Tell him to make sure that he has whatever options he wants in his contract. If it's not in there, he's most likely not going to get it. Better that he has it in. For example, if he wants to go airborne, he needs to have it in his contract. If he wants to go medical, he should sign a medical contract. My husband had to wait several months to get his 68W airborne contract, but it was worth it.

If you can, go to his basic graduation. My husband is a bit of a hippie and not for formal ceremonies, but basic graduation is a huge deal and it meant a lot to him that I could come.

If you have any questions, feel free to metamail me.
posted by avagoyle at 11:21 PM on November 8, 2011 [6 favorites]

I'm a former Army medic.

On the medical side of the army, is there less chance of him being unavailable for long periods of time during a deployment?

This is basically impossible to answer. "Medical side" includes soldiers who work in dental or pharmacy or radiology, who would be more likely to stay in less austere environments with greater means and opportunity to contact home. It also includes straight up medics (68W, "health care specialists") who could end up with the chance to call home once a month. Much of this depends on his MOS and his unit, and then what it is that unit is doing in Afghanistan (or wherever). I deployed three times during my initial enlistment, but I went to AIT with soldiers who worked at hospitals stateside the entire time. Crapshoot.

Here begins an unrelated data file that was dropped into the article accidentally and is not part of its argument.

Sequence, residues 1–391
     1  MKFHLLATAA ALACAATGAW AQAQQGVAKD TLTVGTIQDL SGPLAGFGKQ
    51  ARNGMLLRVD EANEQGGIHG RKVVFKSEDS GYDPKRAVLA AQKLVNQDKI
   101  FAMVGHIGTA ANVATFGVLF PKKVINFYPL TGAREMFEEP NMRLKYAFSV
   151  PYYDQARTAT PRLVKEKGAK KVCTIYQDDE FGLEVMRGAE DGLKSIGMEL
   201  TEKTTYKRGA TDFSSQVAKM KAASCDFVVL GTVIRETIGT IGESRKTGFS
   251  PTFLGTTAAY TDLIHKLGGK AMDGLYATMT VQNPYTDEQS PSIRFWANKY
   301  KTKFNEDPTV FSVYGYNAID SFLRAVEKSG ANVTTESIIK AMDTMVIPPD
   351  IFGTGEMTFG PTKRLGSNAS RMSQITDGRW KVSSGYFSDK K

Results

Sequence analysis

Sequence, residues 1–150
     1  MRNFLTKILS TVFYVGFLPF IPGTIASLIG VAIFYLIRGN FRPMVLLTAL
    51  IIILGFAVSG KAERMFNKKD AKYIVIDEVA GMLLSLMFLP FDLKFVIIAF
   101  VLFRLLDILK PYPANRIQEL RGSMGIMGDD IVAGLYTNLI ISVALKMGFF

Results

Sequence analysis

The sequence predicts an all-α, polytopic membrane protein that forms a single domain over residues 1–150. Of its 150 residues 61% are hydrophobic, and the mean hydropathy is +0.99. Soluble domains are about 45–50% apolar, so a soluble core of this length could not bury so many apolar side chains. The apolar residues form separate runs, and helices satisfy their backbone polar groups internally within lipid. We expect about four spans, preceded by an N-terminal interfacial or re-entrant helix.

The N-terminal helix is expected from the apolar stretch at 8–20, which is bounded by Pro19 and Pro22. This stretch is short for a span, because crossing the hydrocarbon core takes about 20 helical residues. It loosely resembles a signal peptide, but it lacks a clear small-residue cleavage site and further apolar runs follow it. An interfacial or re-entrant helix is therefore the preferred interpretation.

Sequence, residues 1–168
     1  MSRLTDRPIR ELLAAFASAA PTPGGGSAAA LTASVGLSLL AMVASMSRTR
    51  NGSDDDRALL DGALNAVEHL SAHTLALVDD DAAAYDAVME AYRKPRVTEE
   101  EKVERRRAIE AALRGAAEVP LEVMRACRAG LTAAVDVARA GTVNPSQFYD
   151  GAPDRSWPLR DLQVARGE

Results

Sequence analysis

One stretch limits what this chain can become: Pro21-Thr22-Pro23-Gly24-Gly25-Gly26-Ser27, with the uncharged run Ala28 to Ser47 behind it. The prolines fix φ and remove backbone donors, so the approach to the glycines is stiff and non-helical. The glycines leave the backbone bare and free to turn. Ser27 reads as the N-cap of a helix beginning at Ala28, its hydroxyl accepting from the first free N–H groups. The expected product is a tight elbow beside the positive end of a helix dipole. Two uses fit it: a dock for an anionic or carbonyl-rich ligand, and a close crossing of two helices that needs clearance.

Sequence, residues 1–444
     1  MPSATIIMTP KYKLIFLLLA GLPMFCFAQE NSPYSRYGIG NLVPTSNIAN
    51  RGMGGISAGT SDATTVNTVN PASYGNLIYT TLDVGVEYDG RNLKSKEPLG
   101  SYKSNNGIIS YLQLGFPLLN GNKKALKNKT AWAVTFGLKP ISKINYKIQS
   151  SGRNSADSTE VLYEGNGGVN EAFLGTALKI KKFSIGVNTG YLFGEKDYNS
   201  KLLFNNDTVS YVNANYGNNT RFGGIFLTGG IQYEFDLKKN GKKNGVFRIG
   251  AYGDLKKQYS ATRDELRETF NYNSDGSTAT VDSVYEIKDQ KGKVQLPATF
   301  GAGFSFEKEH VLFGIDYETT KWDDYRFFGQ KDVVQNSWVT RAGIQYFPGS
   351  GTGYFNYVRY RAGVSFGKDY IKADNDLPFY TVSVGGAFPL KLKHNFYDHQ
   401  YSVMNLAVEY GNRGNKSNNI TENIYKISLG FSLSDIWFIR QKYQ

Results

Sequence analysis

I don't know what's done now, but when I went to basic (2004) there were no cell phones or email. We wrote letters. AIT started with restrictions, which eased as the weeks passed. After AIT, I had much more routine access to cell phones and the internet, unless training or deployed. And once again, the nature of training and deployment can differ depending on actual MOS and assignment.

The longest period of time I went without any phone or email contact with the outside was basic training, if that helps.
posted by lullaby at 11:32 PM on November 8, 2011

Best answer: I was at Ft. Sam Houston a year ago for a class. Ft. Sam is where most of the medical side gets trained for AIT (Not 68A's, maybe a few others.) What I can tell you os that things have changed a lot from the first time I went there.

First, remember that even in the medical side, there are two worlds. There are the 68Ws, Combat Medics, who's AIT isn't that far away from BCT. They are trained to feel like they are in a combat unit, cuz they might be in a few months, and they're training reflects that. they get cell phones very late into their training cycle, if at all.

And then there's the rest of us. Those medical MOS's that for the majority, AIT consists of powerpoints and classroom settings. When I went through in 2004, we got cell phones, laptops, etc after a few weeks. Can't use them in the school house, but after 5, they're all yours.

Every class is different, and all of this is at the Drill Sergeant's discretion, but for the most part, your long distance communication will be back to normal after basic and a few weeks of AIT. he'll just be more tired.